MINNEAPOLIS - Tessa Johnson remembers picking up her cell phone and being in a state of shock.
The St. Michael-Albertville girls basketball star got a text from her coach, Kent Hamre, which also went to her teammates and family. In 18 years as a head coach, Hamre had never had a McDonald’s All-American.
That changed in the past week as Johnson was selected to play in the McDonald’s All-American Game, which features the top 24 girls and boys basketball players in the country. She’s the first in the Knights’ program to get the honor, and the 20th Minnesotan to get it.
"I was just in awe. I looked at it and I just stared at it because I was honestly in disbelief. It means a lot, I know that I have things to do and a lot of work has paid off," Johnson told Fox 9 Thursday night at an event at the McDonald’s in St. Michael.
Hamre knew he had a special talent in Johnson going back to when she was in fourth grade. So what separates her from other good players to be one of the best in the country? A constant drive to get better.
He said the Knight got back from a road game earlier this season at almost 11 p.m. Johnson had a game that didn’t meet her lofty standards. She asked Hamre if she could go into the gym and get some shots up. He had to ask the high school custodian to stay and keep the gym open for her.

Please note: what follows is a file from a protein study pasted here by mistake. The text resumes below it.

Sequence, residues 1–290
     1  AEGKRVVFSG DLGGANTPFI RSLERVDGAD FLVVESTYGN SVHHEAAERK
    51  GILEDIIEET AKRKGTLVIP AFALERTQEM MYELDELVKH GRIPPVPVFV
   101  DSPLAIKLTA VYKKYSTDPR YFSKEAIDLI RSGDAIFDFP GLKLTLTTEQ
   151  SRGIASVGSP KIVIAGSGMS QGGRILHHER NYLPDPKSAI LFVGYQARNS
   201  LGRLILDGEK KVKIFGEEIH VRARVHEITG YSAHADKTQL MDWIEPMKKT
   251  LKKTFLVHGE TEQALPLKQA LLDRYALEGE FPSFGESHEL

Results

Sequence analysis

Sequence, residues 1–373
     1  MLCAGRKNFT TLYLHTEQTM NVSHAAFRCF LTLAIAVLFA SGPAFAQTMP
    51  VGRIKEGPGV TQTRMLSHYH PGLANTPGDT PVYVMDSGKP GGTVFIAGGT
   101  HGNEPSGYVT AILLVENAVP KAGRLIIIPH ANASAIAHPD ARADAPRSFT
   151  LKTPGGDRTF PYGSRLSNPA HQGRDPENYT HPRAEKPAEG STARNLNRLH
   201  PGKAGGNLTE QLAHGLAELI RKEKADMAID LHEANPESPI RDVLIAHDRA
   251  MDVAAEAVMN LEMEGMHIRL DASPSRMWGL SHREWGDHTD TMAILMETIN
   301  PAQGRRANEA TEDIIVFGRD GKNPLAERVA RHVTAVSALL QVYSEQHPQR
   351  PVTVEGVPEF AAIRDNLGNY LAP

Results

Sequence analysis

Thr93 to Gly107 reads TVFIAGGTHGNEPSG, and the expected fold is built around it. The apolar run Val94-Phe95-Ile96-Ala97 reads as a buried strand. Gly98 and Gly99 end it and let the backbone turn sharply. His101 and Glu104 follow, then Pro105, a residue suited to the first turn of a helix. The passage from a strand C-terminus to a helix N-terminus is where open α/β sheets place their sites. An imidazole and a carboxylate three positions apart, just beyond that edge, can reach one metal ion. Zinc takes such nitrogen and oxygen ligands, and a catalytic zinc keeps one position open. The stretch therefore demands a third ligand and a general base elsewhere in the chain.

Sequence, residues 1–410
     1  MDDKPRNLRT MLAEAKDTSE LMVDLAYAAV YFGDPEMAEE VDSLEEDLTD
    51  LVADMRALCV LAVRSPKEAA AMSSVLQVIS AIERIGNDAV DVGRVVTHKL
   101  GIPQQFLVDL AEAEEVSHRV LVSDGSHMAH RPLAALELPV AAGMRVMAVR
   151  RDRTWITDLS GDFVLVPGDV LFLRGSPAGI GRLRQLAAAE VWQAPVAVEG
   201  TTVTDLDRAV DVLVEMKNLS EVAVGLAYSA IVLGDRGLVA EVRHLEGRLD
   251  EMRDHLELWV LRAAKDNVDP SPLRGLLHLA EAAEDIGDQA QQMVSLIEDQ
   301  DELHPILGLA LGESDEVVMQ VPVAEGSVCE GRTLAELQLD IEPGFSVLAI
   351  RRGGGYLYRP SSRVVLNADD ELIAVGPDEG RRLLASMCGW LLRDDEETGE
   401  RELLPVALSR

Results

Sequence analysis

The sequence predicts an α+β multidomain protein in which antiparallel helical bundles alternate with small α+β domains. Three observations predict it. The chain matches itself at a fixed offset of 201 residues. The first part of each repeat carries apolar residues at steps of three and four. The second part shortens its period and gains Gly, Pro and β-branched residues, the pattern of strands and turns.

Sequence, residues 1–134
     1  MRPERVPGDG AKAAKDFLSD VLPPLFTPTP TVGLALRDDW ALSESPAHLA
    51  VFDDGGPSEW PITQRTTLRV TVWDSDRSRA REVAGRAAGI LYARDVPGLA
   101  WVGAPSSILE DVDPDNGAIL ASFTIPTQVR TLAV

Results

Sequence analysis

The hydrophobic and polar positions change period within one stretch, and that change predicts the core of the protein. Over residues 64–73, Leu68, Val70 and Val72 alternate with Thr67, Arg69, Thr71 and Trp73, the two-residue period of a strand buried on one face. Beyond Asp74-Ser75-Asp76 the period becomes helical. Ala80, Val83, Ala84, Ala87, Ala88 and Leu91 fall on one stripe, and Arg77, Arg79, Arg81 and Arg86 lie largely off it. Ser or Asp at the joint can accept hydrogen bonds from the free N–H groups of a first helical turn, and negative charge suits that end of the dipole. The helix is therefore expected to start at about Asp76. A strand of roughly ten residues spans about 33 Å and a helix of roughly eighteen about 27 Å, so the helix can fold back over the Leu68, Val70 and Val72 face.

"I don’t know what time she left, that’s how driven she is," Hamre said. "She’s a kid that’s never satisfied with her game. She wants to get better, she’s the one that’s always pushing everybody around her to get better."
Johnson nearly led the Knights to a state championship last season, and the goal is to get back there this year. She fielded scholarship offers from across the country and had a final two of South Carolina, and staying home to play for Lindsay Whalen and the Gophers.
She’s headed to Columbia to play for the Gamecocks.
"It feels great. It feels like I earned it, but I still have more work to do. I still have more to prove, and still need to make a better name for myself," Johnson said.
Johnson also joins rare company in Minnesota girl's basketball. She’s the seventh girls’ player in state history to be named a McDonald’s All-American. She joins Maya Nnaji, Paige Bueckers, Nia Coffey, Rebekah Dahlman, Tayler Hill and Liz Podominick. Minnesota has had a girls' player be a McDonald's All-American three out of the last four years.
"Look at the talent that’s come out of the state of Minnesota, it is crazy. For her to be a part of that and to be one of the top 24 women’s basketball players in the country, a lot to be said about that," Hamre said.
The McDonald's All-American Games are set for March 28 in Houston.